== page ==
Therapies like abhyanga (oil massage) and shirodhara (the dropping of oil on the forehead) are wonderfully nourishing and balancing. Abhyanga can be done as self-massage or by a therapist, shirodhara needs a therapist to oversee the application. And of course basic Ayurveda practices of using the Neti Pot followed by applying Naysa Oil to the membranes in the nostrils should be done on a daily basis. Even warm milk baths are wonderful at this time of year, massaging with warm shea butter and jumping into your pajama’s to enjoy a warm cup of turmeric milk will always make you feel a little pampered and nurtured. Even the books you may choose to fall asleep reading should be nourishing and calming. Don’t forget to place a tissue with some lavender essential oil on it inside your pillow case. If you would like a personalized plan, please contact me for a consultation.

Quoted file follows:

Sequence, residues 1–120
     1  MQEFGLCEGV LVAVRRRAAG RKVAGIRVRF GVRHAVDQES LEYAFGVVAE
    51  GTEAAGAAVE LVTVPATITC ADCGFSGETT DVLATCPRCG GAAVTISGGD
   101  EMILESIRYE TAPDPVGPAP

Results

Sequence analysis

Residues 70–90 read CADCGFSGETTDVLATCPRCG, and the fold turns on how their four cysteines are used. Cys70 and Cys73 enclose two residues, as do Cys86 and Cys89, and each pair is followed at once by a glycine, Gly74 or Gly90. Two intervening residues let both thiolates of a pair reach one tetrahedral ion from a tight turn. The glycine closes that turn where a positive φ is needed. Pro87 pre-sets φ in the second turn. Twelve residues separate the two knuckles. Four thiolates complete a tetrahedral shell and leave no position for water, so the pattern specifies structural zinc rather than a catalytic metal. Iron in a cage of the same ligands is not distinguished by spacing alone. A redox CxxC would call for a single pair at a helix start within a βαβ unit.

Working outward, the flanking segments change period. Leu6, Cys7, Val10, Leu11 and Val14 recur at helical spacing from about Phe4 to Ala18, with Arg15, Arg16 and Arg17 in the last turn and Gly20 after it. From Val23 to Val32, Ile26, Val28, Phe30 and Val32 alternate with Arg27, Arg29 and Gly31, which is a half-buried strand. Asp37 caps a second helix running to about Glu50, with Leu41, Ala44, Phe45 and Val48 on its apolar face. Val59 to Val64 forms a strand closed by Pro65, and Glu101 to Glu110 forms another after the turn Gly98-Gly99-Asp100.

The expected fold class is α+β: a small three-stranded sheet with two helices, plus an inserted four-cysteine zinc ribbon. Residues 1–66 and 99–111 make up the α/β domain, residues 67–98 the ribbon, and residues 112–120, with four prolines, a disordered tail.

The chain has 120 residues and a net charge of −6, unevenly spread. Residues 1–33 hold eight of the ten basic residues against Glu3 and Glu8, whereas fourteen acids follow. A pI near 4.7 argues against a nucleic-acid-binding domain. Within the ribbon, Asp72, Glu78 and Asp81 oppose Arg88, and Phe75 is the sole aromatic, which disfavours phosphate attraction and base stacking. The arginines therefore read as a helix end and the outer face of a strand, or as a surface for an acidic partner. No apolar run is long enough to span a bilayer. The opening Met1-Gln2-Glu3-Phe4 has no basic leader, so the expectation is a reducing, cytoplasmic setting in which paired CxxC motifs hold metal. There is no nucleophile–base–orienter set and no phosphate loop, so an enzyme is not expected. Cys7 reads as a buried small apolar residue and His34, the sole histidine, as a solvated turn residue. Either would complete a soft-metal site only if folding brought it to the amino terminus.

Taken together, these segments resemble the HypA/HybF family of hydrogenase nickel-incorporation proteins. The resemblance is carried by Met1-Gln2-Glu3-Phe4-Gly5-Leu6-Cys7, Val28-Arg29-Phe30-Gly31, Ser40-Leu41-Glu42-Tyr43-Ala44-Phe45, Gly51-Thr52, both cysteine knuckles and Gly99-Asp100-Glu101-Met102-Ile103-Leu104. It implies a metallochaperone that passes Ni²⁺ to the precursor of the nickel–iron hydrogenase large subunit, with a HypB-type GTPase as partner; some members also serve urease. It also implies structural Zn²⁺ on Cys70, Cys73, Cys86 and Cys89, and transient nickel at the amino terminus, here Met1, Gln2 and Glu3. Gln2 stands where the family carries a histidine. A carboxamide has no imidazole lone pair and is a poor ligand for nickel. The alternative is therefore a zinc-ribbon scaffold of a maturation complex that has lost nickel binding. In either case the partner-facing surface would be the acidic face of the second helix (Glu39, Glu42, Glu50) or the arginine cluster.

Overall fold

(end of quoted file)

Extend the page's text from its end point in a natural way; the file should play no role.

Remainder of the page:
Staying nurtured and nourished will give you the energy to get to work in this season…much is to be done. It is time to re-evaluate your next evolvement, but first we need to see where we are and where we want to go. That is the subject of my next blog.
Talk to you soon, and thanks as always for reading. Please feel free to share with those that you know may enjoy and be inspired.